Because the foundation supports everything in your home, it is one of the most important assets that you have. Unfortunately, many homeowners completely ignore their foundations — “out of sight and out of mind.”
This is a huge mistake since repairing a damaged foundation not only carries its own costs, but you’ll likely spend money correcting other issues throughout your home, including:
- Buckling walls
- Poorly fitting windows
- Stressed support beams
- Water damage (even in the attic)
- Electrical issues (closely related to water damage)
Some homeowners try to wait these problems out long enough to sell their properties. But trying to pass on these issues to the next homebuyer is unwise. According to a 2011 National Association of Realtors survey, nondisclosure lawsuits about unreported damage are incredibly common — and costly.
The best strategy is to take proactive steps to keep your foundation in optimal condition, regardless of how long you intend to stay in your current home. The following is a quick rundown of strategies for accomplishing this.
1. Fix Hairline Cracks ASAP
Given the weight and strain foundations undergo, the concrete slabs supporting your home will eventually develop cracks. This is inevitable.
However, if you can detect these cracks early enough, it’s possible to clean them out and fill them with epoxy glue. Wait too long, and you’ll have to bring in a professional foundation repair expert.
It’s best to check for hairline cracks after heavy rainfall or after rapid changes in outside temperatures.
2. Check for Water Damage
Arguably the biggest threat to your foundation is water damage, or rather, major fluctuations between dry spells and wet ones.
During drier seasons, it is important that you keep the foundation moist to prevent soil shrinkage and subterranean shifts. One of the best ways to do this is to install rock beds about 2 feet away from the foundation (all the way around the house). Doing so allows sprinkler and rainwater to soak deep into the soil.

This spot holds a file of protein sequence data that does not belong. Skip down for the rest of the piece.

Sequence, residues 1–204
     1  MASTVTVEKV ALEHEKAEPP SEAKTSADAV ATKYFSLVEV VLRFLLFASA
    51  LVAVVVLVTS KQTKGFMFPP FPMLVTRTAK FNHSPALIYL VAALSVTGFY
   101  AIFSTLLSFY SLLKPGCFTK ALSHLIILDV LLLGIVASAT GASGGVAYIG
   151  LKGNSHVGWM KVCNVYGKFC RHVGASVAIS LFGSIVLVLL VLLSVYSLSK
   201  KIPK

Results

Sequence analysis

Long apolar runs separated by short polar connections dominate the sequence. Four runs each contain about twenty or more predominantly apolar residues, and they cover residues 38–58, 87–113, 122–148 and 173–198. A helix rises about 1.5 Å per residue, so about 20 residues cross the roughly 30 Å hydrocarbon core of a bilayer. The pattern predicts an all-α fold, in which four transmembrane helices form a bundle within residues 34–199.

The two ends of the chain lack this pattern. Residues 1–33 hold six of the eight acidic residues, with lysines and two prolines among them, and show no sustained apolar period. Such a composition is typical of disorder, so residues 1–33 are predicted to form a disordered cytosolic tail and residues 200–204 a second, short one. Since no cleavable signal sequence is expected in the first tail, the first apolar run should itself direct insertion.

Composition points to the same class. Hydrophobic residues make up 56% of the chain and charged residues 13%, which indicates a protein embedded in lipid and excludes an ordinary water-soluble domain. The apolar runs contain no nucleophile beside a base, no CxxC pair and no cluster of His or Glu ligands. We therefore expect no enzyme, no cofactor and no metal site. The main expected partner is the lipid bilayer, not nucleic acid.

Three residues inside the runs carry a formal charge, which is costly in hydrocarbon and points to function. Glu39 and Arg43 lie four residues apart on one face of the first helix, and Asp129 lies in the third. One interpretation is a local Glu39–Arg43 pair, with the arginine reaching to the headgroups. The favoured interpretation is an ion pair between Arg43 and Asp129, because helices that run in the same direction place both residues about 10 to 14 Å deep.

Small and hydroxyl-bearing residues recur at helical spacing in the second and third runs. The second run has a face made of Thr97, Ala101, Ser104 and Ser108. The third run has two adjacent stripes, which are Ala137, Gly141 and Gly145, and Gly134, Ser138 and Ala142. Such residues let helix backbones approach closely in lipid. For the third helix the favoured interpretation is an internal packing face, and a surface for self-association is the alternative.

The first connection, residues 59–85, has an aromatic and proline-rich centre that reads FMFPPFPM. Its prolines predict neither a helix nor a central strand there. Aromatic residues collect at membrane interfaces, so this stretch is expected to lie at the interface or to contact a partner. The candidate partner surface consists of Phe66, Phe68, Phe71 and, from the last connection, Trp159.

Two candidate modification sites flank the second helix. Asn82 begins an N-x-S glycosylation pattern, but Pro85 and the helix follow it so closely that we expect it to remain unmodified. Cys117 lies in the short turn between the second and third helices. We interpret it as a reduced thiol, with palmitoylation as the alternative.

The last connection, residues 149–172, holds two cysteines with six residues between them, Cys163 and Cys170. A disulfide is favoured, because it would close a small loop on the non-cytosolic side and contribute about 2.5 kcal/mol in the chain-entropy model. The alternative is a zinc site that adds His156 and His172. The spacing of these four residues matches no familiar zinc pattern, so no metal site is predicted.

However, you don’t want to overdo it. Future rainfall is unpredictable, and excessive water buildup is just as harmful as excessive drying. This is because soil can over-expand causing unnatural shifts below the foundation’s surface.
As a general rule, let nature be your guide. Water the surrounding landscape around your foundation just enough to keep your lawn and plants looking healthy.
3. Proper Drainage
Unnatural pooling around your foundation is another potential warning sign. In addition to rock beds (mentioned earlier), you’ll want to install downspouts and gutters that redirect water a minimum of five feet away from your home.
Equally important, the land surrounding your home should slope away at a 5 percent grade to prevent excessive water buildup. With some properties, this isn’t always possible. If that’s the case with your home, consider installing moisture barriers that can safely capture and store water runoff. These collection systems must be at least 5 feet deep in order to be effective.
4. Reduce Erosion
In areas with high rainfall (and steep slopes), erosion is a relatively common phenomenon. Although you can install a number of erosion control systems, one of the cheapest strategies is to plant shrubs and trees around your home. Their root systems can help keep loose soil in place — even after unusually heavy rainy seasons.
5. Check Your Home’s Plumbing Regularly
The majority of water-related issues are external (courtesy of Mother Nature). But don’t neglect your home’s internal plumbing — including sprinkler systems and septic tanks. Periodically check to make sure that all of the pipes in your home are in proper working order. At the first sign of any leaks, bring in a professional plumber ASAP.
Remember that Constant Monitoring Is Essential
Some homeowners wrongly believe that their insurance policies cover foundation repair. And the mistake is understandable given that many insurance providers market their policies as “all perils” contracts.
But when you read the fine print, you may be shocked to discover any number of exclusions, including:
- Subsidence and expansive soil (mentioned above)
- Sewage damage and surface water (also mentioned above)
- Landslides, mudslides and floods (i.e. really fast erosion, also mentioned above)
In other words, you’re often NOT covered for the causes of and solutions to foundation damage.
This is why the aforementioned steps coupled with year-round monitoring are so important. The extra time and money that you invest upfront could save you tens of thousands of dollars down the road.
For more serious repairs of a home you'd like to buy, or one you're living in now, you may be able to use the FHA 203k renovation mortgage to finance the work and mortgage together in one loan. Learn more at the button below with the 203k Survival Guide.
Author Bio: Brandon Cartee is the owner Foundation Repair Services. A full service specialty contracting that helps both home and business owners throughout North Carolina.